Father Hartke touched the lives of more people than any other man I have ever known. Throughout my life I have heard about people with charismatic gifts, able to evoke loyalty, gratitude, admiration and affection. I really knew only one, but I knew him for 35 years. Father Hartke, who died recently at age 79, was gifted and unforgettable.

I first met him in the summer of 1950. I came to him to explore the possibility of graduate study at Catholic University, and told him my story: I wanted to study, but had only one semester left on my GI Bill and, consequently, could not afford to complete a graduate degree program.sw,-2 sk,2 After hearing my plight, Father Hartke looked at me and said, quietly and compassionately, "Son, the list is legion." He invited me to risk the one semester and then "we'll see what might be done" to help me get through.

In the second semester, he arranged a graduate assistantship for me. The list went on and on each year, as Father Hartke continued to find the means to help one of his "kids." Although he retired from the chairmanship of the drama department in 1974, he sustained his involvement, his concern and his generosity to the day he died.

Father Hartke created opportunities for faculty, staff, students and, at the mention of a need, even for persons he didn't know who happened to cross his path. He took genuine delight in helping people, in serving them, whether it meant using his influence to help someone make a vital connection with the White House or bringing sticky buns to a group of students rehearsing a play.

Through the years, many people have told me how impressed they were with the magnitude of his personality, his renown and his achievements, but I knew no one who was more impressionable than the impressive Father Hartke. In the early '50s he took me to the National Press Club, because Jimmy Stewart was going to be there. He hustled me out of breath as we jockeyed for position in a huge crowd for the opportunity to "say hello to Jimmy."

Everyone who knew Father Hartke for more than 10 minutes would know why he often was referred to as a massive name-dropper: He mentioned names because he was really impressed to have the opportunity to talk with people, whoever they might be. He remembered most of those he met, whether at the White House or in the corridors of his drama department -- including the janitors -- and most of the people he met remembered him. If he had a chance to chat with a new acquaintance he would nearly always come away knowing something about the life, the work and/or the family of that person -- and could recall it years later.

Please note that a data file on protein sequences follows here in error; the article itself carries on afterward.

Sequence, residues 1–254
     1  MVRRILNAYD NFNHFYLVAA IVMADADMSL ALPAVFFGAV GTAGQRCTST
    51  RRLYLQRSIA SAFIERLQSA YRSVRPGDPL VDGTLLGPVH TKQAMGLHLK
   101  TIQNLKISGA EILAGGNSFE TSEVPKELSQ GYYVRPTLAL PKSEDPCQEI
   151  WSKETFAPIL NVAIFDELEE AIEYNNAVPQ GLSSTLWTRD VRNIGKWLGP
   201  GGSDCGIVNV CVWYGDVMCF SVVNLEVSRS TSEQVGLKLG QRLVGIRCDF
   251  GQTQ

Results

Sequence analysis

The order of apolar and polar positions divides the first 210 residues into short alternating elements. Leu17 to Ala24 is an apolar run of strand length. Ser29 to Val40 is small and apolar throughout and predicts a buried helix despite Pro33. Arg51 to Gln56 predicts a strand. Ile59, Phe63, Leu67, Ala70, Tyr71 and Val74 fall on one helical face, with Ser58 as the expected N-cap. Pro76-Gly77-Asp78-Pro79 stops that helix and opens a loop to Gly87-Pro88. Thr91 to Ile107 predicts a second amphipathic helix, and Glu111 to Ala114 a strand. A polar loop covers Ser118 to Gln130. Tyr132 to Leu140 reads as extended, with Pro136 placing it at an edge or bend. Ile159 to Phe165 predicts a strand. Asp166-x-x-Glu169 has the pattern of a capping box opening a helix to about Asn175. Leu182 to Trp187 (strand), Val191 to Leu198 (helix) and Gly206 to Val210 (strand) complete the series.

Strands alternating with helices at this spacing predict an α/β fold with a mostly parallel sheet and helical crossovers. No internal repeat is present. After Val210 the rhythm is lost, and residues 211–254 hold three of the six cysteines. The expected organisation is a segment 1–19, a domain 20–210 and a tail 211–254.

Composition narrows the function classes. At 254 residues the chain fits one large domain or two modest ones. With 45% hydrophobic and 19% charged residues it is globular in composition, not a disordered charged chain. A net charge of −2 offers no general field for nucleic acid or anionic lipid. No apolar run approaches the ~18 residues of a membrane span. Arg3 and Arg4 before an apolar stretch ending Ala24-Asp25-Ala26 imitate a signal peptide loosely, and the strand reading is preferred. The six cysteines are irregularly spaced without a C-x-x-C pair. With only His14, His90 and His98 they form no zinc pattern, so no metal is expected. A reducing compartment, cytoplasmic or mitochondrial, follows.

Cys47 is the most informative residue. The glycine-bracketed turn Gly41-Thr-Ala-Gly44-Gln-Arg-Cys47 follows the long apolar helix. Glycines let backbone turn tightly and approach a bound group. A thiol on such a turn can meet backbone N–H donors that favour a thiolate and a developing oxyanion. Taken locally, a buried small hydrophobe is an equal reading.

Within the past two years, Father was a guest on Larry King's radio show. Calls came in from around the country; Father not only remembered names, he related details about the lives or family of the callers he had known years ago, as if each were a dear and current friend.

Father Hartke was a visionary with tenacity. Once he set his mind on an objective he would pursue it with relentless enthusiasm. Those who live in the earthbound lane were inclined to remind Father that he should live in the real world, but for him the possible, if good and desirable, was always real. If an idea was a good one, it was worth risking failure.

Most people who knew Father Hartke are very aware of his accomplishments; those who lived and worked with him knew that he was keenly aware of his failures as a human being, a priest, an administrator. He knew he lacked patience, and he abhorred most meetings unless they dealt with innovation.

He also knew that his shortcomings sometimes created problems for those with whom he lived and worked, which was one of the reasons he was always doing something -- some little thing for them, as a gesture of reconciliation. His strength, however, was his dogged dedication to whatever he had as a vision at the moment. He dreamed dreams and he infused in others the commitment to make those dreams come true.

In 1937, he envisioned a first-class drama department at a Catholic university. There was no such drama department in existence at the time. In 1987, the Drama Department of the Catholic University of America, which he founded, will offer its 50th season of plays for metropolitan area theatergoers.